Thomas, Gorsuch suggest high court should revisit defamation law

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Justices Clarence Thomas and Neil M. Gorsuch signaled Friday they are interested in reviewing defamation law, reasoning the media landscape has changed since the press was given protection against libel lawsuits more than 50 years ago.

The high court refused to hear a defamation lawsuit out of Florida in which one man sued another for how he was portrayed in the movie “War Dogs,” but the two conservative justices disagreed with rejecting the case.

Justice Thomas questioned the “actual malice” standard in New York Times v. Sullivan, in which the court ruled in 1964 that public figures had to prove that false statements about them were made with intent.

Under that precedent, public officials and figures have a higher burden to prove defamation, including showing that the defamer was fueled by “actual malice,” forcing public figures to prove a statement was made with the knowledge it wasn’t true or with a total disregard to its accuracy.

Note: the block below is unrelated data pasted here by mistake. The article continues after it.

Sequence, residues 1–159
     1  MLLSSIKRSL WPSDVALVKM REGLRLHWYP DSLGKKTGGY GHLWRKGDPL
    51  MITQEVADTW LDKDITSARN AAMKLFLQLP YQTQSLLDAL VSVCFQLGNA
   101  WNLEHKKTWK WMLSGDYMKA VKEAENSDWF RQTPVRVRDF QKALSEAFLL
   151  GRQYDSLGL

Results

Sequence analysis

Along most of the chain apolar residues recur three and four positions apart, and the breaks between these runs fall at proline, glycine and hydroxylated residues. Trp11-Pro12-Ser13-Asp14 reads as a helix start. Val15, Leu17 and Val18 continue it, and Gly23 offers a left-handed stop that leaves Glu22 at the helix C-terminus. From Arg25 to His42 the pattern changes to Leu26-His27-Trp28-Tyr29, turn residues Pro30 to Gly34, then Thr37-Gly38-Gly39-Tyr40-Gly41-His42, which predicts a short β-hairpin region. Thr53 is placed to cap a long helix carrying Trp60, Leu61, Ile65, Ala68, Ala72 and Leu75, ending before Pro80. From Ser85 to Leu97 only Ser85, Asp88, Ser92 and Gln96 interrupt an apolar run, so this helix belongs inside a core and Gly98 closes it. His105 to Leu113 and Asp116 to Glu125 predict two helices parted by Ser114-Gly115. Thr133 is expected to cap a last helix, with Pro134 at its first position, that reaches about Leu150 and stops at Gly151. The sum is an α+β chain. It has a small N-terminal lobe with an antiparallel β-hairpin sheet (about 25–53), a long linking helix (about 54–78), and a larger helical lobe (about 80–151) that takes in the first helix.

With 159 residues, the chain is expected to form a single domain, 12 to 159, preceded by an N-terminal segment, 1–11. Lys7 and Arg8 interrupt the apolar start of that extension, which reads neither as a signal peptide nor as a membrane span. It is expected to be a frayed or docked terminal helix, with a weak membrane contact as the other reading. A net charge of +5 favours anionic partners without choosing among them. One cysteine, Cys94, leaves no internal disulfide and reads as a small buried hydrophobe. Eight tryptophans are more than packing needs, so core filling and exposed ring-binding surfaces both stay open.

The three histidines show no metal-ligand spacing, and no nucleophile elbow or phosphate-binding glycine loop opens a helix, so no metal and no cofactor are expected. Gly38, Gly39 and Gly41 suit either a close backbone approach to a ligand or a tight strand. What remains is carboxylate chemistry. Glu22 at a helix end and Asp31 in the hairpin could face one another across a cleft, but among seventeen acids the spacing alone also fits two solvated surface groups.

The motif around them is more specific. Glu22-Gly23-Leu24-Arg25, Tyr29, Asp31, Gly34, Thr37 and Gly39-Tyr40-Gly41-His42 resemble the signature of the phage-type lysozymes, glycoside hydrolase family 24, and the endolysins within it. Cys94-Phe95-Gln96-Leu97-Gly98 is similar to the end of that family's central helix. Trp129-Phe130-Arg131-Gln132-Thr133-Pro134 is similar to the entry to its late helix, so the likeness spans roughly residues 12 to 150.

The standard has made it almost impossible for public figures to win libel cases.

Justice Thomas appears to favor a common law approach to claims that wouldn’t hold public figures to a higher standard of proof.

“Public figure or private, lies impose real harm,” he wrote.

Likewise, Justice Gorsuch said technology has changed the way media operates, so it may be time for the high court to revisit the law.

“Today virtually anyone in this country can publish virtually anything for immediate consumption virtually anywhere in the world,” he wrote. “The bottom line? It seems that publishing without investigation, fact-checking, or editing has become the optimal legal strategy.”

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